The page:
What is Rarely Certain about?

Image generated in NightCafe Studio with text prompt ‘Somebody is at peace, beneath a beautiful tree. Near to the tree is a group of people shouting angrily at a pile of computers and phones’. Yes, my prompt engineering skills remain sub-par.

Rarely Certain is about finding peace by acknowledging complexity. Allowing this/but also that both to stand. Rather than suckering for the comforting binary of this/so definitely not that.

It explores the frequently unreliable nature of our strongly held opinions and the pressure to know where you stand on controversial issues. Pressure that we put on ourselves as well as feel from outside. Rarely Certain aims to reassure that it’s ok to be undecided. To be comfortable with uncertainty. It’s about Radical Uncertainty as an ok thing.

It's for people, like me, struggling to make sense of things in a siloed culture when the pace of change and levels of angst feel hard to process. And how misplaced and unhealthy absolute certainty on controversial topics can be.

Expect as many questions as answers. Plus some ideas, observations, anecdotes, musings and tangential thoughts.

Who am I?

A full-time journalist between 1986 and 1997 (newspapers, BBC TV & radio) mostly specialising in off-diary investigative work, before moving into public relations. So I understand spin. My most recent paid writing gig was for a hyper-partisan anti-Brexit newspaper called The New European, following Britain's referendum vote to leave the European Union.

Brexit prompted me to make a minor name for myself by being very online and shouting a lot about political and cultural things, mostly on Twitter. That ended in 2020 when I noticed that being angry and frustrated online all the time was leaking into my offline world and making me unhappy. This post is about that decision. Sex is great, but have you tried quitting Twitter?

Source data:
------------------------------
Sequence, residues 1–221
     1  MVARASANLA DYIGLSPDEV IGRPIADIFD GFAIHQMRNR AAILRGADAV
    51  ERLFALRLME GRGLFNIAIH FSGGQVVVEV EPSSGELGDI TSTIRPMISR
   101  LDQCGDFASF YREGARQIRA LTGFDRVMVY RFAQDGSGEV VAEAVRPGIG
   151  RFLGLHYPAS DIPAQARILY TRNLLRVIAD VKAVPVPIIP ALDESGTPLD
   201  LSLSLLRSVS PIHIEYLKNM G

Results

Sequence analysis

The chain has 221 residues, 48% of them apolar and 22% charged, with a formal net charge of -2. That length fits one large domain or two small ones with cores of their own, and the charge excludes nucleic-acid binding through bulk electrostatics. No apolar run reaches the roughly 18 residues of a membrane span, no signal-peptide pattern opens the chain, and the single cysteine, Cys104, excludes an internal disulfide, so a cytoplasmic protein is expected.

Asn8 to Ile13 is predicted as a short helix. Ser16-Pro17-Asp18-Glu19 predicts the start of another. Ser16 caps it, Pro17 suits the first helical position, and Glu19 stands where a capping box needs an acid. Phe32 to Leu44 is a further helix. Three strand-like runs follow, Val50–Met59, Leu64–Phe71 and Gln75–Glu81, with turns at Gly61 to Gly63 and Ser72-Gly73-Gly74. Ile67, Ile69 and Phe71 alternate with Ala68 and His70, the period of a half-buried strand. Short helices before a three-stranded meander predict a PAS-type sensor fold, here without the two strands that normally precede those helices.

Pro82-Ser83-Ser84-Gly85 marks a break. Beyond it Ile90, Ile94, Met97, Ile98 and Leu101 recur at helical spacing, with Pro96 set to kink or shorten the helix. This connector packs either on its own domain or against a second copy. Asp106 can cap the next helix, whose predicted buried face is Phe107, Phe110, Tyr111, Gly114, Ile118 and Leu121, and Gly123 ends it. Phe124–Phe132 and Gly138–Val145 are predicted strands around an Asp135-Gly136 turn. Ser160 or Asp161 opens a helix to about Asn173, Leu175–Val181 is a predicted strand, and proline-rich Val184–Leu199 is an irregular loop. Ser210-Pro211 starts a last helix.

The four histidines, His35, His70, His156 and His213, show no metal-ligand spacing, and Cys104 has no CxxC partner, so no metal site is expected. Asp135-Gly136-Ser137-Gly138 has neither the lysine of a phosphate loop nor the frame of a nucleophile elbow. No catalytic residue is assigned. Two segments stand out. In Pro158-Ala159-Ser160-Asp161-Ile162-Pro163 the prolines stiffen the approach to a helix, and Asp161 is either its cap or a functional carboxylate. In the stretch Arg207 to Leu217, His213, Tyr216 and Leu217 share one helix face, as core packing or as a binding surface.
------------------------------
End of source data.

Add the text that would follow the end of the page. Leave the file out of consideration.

No longer being part of the online 'culture war' has created some space to breathe and reflect more honestly on my failure to properly understand or respect why so many of us think what we think. Value judgements around political culture came easily to me and there was comfort in that. Until I noticed that this is all it was. Self-comforting with the illusion of having insight that wasn’t shared by others..

Unexpectedly, no longer feeling certain about much has been liberating.

It also turns out that being rarely certain is more interesting.

Éminence grise: Penelope Lewis

Picture credits 1


Cadence according to inspiration, but typically weekly.

Why Substack?

Because Medium was awash with nonsense and Substack is better served by writers, while also serving writers better.

To find out more about the company that provides the tech for this newsletter, visit Substack.com.


Header image: Robin Higgins - Pixabay

Note: the cute stick person image used as the Rarely Certain logo is from a talented Pixabay user called Elisa Riva

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Welcome to the post-tribal struggle. Being 'right' is overrated anyway. It's not what you think, it's why you think it. Some posts about personal subjective wellbeing (not self-help shit).


Resisting the Twitterfication of discourse and fear of nuance. Pursuing humility and either entertaining or annoying people in the process. Also expect bits about WWII as I research the unit that liberated the town where I live.